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This Week: Purple Heart veteran discusses Memorial Day

We all know Memorial Day weekend is often full of fun activities and a welcoming of the coming summer season, but most of us also know, the important significance of Memorial Day.

Our guest for “This Week” is a veteran who faced a deadly situation while serving his country.

It’s important to point out, we’re not confusing Memorial Day with Veterans Day, but we’re talking of a vet’s perspective of the day we remember the fallen heroes.

Here’s a transcript of our conversation:

Bret: Right after high school I joined the Army Infantry in 2008. Did three and a half years of service, deployment to Iraq in ’09 again and in 2012, I went to Westminster College.

Joey: And one of the reasons you joined the military was it’s something you’re family has done for many years, right?

Bret: Yeah, my grandpa was in World War II, my brother was in Army Infantry as well, and my stepdad is still currently in aviation right now.

Joey: Do you ever get to talk to your granddad about his experiences?

Bret: He never talked about it too much so we never had that conversation.

Joey: Did your experience now as a veteran, change the way you see this upcoming holiday of Memorial Day?

Bret: Definitely. It’s a great holiday to really honor the fallen soldiers we have lost.

Joey: You had a very close call in 2009, right?

Bret: Yeah.

Joey: And what happened?

Bret: Well, it was an everyday, we do this every day, just a normal route, and it was about 7:00 in the morning and a bomb exploded in front of our truck, right behind our first truck. And seconds after, they call it an EFP exploded and shrapnel came inside the truck. I got a scar on my face from the shrapnel.

Joey: So you were hit by shrapnel from this explosively formed device, is what they call it?

Bret: Mmhmm.

Joey: Now how is that different from an IED?

Bret: Well, an EFP is, it has a copper disk in the front and as it explodes it forms into a bullet almost and it really rips through anything our military has as far as armor. And usually when you hear, ‘Hey we got hit by an EFP’ there’s usually a death. We were so lucky it hit in the right spot where only a couple scratches came out.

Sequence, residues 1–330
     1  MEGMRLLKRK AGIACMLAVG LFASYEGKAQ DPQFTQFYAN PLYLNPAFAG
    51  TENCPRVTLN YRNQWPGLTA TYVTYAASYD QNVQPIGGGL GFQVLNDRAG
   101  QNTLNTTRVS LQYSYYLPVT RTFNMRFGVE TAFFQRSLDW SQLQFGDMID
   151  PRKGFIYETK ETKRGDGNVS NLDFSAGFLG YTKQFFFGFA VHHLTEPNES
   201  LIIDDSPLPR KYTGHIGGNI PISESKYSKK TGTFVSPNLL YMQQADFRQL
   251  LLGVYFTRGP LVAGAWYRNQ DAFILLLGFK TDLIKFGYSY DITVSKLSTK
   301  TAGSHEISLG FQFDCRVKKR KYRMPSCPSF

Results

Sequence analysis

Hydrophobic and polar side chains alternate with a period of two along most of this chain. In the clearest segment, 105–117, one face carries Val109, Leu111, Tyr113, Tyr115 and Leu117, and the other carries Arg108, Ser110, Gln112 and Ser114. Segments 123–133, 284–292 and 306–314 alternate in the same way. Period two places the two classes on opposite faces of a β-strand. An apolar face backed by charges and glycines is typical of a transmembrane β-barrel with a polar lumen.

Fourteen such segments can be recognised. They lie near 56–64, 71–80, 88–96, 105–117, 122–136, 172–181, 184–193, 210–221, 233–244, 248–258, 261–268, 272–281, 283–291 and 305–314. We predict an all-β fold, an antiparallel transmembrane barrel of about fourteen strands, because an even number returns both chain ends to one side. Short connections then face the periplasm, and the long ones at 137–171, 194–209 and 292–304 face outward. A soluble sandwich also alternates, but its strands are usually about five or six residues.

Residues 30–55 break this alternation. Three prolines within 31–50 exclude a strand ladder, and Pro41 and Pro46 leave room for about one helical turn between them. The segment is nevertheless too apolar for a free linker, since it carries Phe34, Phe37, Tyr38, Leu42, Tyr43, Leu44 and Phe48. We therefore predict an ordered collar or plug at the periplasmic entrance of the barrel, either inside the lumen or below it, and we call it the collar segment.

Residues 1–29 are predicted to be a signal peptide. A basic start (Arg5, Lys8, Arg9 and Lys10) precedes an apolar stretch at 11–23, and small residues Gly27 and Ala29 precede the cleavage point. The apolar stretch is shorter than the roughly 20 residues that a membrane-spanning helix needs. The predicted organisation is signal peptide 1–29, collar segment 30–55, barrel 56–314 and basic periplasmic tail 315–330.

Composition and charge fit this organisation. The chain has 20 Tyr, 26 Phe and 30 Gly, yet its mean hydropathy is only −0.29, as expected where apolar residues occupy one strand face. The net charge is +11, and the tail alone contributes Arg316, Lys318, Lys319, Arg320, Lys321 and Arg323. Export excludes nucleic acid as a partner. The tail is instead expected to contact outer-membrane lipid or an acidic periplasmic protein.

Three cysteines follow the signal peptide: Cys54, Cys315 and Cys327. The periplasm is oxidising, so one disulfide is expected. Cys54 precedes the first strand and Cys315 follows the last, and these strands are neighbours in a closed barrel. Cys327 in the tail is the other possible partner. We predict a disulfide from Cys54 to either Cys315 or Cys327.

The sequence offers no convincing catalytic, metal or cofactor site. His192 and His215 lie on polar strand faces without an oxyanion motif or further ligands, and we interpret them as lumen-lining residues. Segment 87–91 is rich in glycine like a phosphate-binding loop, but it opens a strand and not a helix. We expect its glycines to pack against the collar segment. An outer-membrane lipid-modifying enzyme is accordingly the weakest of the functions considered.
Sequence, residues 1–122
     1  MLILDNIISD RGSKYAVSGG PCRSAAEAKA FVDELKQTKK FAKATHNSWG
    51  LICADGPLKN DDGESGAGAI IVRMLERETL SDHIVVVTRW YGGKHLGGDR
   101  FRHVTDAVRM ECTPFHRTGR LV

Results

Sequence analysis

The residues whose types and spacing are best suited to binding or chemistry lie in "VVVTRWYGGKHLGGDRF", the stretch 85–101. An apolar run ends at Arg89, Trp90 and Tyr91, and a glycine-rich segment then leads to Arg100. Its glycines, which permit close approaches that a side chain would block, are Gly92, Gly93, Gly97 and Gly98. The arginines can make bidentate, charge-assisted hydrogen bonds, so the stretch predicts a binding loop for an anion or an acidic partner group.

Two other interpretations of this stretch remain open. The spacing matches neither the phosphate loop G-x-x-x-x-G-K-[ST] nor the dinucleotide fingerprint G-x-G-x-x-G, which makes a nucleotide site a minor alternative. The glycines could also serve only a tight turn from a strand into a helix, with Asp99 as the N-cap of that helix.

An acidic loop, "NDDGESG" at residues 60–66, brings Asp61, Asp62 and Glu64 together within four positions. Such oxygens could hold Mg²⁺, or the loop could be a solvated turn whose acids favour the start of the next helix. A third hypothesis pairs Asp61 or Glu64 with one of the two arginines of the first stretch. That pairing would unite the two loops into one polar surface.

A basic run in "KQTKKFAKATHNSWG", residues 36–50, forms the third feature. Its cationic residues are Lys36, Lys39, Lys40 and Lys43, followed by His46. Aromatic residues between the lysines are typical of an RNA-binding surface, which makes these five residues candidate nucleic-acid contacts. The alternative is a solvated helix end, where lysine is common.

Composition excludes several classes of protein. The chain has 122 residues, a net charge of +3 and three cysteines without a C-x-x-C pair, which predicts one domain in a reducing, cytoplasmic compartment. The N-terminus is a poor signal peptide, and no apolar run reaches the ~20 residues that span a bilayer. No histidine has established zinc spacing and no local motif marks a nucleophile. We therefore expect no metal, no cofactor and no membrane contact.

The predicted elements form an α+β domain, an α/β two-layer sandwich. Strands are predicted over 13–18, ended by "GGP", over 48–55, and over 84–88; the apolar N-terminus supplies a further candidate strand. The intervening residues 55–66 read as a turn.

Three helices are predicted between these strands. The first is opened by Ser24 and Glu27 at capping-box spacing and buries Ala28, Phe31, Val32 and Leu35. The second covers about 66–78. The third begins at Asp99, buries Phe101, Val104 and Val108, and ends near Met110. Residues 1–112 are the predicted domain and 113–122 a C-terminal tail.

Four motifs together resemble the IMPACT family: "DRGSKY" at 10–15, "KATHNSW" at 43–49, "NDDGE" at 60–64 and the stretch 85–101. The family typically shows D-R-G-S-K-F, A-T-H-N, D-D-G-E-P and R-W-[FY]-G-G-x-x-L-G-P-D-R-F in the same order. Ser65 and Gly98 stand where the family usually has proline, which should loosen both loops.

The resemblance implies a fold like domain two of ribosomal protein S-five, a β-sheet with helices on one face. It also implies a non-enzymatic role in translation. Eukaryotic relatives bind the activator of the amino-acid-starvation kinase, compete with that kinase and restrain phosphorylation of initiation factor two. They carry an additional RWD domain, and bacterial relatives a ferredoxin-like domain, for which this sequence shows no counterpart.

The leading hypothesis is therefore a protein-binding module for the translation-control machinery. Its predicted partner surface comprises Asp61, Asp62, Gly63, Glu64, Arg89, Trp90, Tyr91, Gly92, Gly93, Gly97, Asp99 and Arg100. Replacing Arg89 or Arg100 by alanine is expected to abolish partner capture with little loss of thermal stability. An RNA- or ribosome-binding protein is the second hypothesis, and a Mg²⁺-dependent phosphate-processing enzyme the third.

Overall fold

Joey: So, it’s effectively being like shot in the face…almost?

Bret: Yeah.

Joey: And when it happened, what was your immediate reaction?

Bret: Actually, I didn’t know I was hit. I was, you know, my adrenaline was going and I was immediately like, “We’re getting in a fight, let’s go!” I didn’t know I was hit until my squad leader came down and was like “You alright? You alright?”, I’m like “yep.”

Joey: And there was quite a few of you out there and no one else was hurt?

Bret: Just a couple scratches. I was the worst injury, luckily.

Joey: And it certainly looked bad, I mean there’s no doubt. For this, you were awarded the Purple Heart.

Bret: Mmhmm.

Joey: And how did that make you feel?

Bret: It was good. You know, there’s definitely a lot of fallen soldiers and other soldiers that are missing limbs and have it worse than just a scar. They deserve the Purple Heart as well too, and it’s more for them, yeah.

Joey: Not many of your classmates at Westminster have a purple heart, right?

Bret: Uh, no.

Joey: Probably not something you’d wish upon them, right?

Bret: No, No.

Joey: And how has this affected your college career, do you think?

Bret: Greatly. I feel, feel like I got a second chance, kinda.

Joey: In addition to being a student, you are also part of an internship with YMCA.

Bret: Yeah, the YMCA of Callaway County; they’re in Fulton. I created my own internship there where, to try to get veterans together to create camaraderie and do physical activity and service together. And I really do feel that there’s a lot of veteran deaths and suicides after the war and we, this is a great need. We need to realize and we need to have a program for our veterans to come, um, build camaraderie and come together. Because in the service we fight together, we eat together, we do everything together, but I think when we get out, we don’t do much together so we need to heal together.

Joey: I really appreciate it. Thank you for coming in and enjoying this very special moment. Thank you for your service, and happy Memorial Day.

Bret: Thank you.

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